Convergence and The Forge interviewed organizers around the country by email, asking for their short takes on the midterm elections. Here’s how Texas Gulf Coast Area Labor Federation Political Director Jay Malone added up the wins and challenges.
What’s an organizing success that you had during the midterms that gives you hope?
The Texas Gulf Coast has lower union density than nearly any other place in America. Ask most area residents and they’ll tell you that unions are illegal here. State employees are barred from collective bargaining, and only a handful of municipal employees have a voice at work. And our unions are under siege—megacorporations like Exxon and Starbucks have expanded their efforts to destroy us, locking out workers and taking aggressive steps to undermine organizing efforts.
In the face of all that, the Gulf Coast labor movement saw enormous progress in electing allies and growing power this November—especially in Harris County, home to Houston and a population larger than that of 26 states. Immediately before the elections, the Harris County Commissioners Court (our legislative and executive body) passed historic resolutions opposing the lockout of Steelworkers in Beaumont and union-busting by Starbucks. And in the face of a massive $25 million right-wing effort to unseat the pro-worker majority who stood with us, we not only succeeded in protecting our allies on the court: We also elected a pro-worker supermajority by running the largest labor GOTV operation in Texas history.
We can win, even in Texas.
What was the most effective message or tactic that the other side used? How did you try to combat it? Were you successful?
The exploitative contractors and right-wing oil billionaires who funded the effort to buy our county government—and its lucrative contracts—all coalesced around a simple message: the pro-worker commissioners are corrupt and are letting murderous criminals run free. Although their message clearly had some impact, our collective GOTV effort was broadly effective at combating it. And although our local elections were close, it’s clear that low Democratic turnout was more to blame for this than the resonance of tough-on-crime right-wing messaging.
What did you think was going to work that didn’t work?
We were hopeful that the disastrous record of Texas GOP leadership would define the state-level contests, but that was unfortunately not the case. After spending nearly $80 million, our statewide slate underperformed their 2018 vote totals substantially — Beto lost by 11 points to Governor Greg Abbott after coming within 2.5% of unseating Sen. Ted Cruz four years ago.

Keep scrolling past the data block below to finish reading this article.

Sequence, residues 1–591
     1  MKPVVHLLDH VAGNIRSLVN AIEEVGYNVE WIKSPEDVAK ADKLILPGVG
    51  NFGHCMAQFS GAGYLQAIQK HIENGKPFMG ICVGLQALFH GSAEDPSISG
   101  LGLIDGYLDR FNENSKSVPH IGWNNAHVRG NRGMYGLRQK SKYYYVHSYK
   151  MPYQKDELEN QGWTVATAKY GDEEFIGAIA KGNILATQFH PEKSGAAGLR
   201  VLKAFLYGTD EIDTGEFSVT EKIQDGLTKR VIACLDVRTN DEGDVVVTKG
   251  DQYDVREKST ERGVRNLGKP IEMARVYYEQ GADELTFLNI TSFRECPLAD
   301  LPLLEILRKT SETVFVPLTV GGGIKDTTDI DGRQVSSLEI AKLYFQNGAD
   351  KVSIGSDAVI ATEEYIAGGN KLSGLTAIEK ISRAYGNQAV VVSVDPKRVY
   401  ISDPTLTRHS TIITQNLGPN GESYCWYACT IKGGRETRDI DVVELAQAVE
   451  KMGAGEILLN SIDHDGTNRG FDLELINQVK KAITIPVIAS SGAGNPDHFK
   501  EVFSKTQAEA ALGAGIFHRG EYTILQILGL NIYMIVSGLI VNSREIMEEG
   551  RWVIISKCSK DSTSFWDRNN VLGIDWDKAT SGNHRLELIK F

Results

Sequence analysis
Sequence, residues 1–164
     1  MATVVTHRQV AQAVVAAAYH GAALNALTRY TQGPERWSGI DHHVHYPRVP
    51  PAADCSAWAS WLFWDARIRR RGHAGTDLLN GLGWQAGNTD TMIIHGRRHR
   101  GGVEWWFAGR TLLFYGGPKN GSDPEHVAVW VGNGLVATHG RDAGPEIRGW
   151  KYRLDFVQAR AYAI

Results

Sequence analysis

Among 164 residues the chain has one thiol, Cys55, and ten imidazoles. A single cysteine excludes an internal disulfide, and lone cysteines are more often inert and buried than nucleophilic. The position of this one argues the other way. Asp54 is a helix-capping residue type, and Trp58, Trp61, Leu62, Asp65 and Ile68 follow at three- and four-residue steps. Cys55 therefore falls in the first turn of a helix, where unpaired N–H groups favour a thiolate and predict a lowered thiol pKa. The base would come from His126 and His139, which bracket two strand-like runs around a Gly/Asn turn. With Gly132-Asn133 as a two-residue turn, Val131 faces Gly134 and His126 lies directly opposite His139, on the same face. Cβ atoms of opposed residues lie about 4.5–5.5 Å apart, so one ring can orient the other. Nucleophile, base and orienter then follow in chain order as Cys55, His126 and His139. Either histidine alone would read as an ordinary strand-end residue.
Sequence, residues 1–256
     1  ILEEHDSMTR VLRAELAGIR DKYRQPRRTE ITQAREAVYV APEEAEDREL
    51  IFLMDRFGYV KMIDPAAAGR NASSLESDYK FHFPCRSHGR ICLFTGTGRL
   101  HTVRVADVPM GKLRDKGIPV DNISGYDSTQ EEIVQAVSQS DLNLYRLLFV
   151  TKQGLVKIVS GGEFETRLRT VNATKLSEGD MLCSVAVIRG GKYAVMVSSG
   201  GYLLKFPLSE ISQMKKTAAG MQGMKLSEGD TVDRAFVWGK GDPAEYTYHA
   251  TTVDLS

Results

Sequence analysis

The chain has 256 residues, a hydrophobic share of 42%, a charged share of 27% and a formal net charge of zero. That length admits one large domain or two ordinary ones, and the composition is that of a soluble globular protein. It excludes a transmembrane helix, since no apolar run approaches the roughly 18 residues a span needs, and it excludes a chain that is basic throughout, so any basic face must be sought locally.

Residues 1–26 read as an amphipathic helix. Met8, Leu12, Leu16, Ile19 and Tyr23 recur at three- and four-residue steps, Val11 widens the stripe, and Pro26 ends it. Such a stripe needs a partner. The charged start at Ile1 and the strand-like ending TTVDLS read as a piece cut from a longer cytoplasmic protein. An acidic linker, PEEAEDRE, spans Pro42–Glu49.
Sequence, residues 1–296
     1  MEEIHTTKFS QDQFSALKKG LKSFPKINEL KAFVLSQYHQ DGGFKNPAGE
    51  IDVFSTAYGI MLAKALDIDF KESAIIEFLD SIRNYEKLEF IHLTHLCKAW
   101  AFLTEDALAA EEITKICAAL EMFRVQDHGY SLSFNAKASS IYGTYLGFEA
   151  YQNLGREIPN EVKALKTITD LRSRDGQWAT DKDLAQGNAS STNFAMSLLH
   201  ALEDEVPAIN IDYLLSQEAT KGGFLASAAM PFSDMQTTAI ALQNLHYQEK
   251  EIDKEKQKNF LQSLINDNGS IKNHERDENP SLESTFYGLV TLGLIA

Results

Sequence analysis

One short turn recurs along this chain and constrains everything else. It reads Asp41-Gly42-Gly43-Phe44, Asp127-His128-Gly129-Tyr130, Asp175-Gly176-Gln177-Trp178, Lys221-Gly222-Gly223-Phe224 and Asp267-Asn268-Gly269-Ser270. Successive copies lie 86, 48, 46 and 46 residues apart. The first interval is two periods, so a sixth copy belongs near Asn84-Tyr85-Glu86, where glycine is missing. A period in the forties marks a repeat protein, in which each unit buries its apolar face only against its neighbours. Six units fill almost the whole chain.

Trump beat Biden by just over 5% in Texas, and with the overall GOP lean of the electorate this cycle, it was reasonable to expect the statewide ticket to underperform Biden and lose by 8-to-9 points. The double-digit loss across the board results largely from very weak Democratic turnout and a failure by campaigns to make an effective case for change to independent voters.
The consequences will be felt by tens of millions of working people living in a state that rewarded the ghouls whose negligence killed hundreds during the freeze, that sees more deaths on worksites and in hospital delivery rooms than any other in the nation, and that has funneled decades of unprecedented wealth into the pockets of the politically-connected few while doing nothing to prepare for the climate catastrophes that await us.
What did you learn through the midterms that we can use in the next phase of the fight against the MAGA right?
The multiracial majority that came together in 2018 to deliver an emphatic renunciation of the MAGA right didn’t turn out in 2022. We were lucky that independents rejected the MAGA acolytes running in Pennsylvania, Arizona, and Nevada, but states like Texas provide a stark reminder of what a disaster this cycle could have been.
We survived to fight another day, but we need to prepare for the fight of our lives in 2024.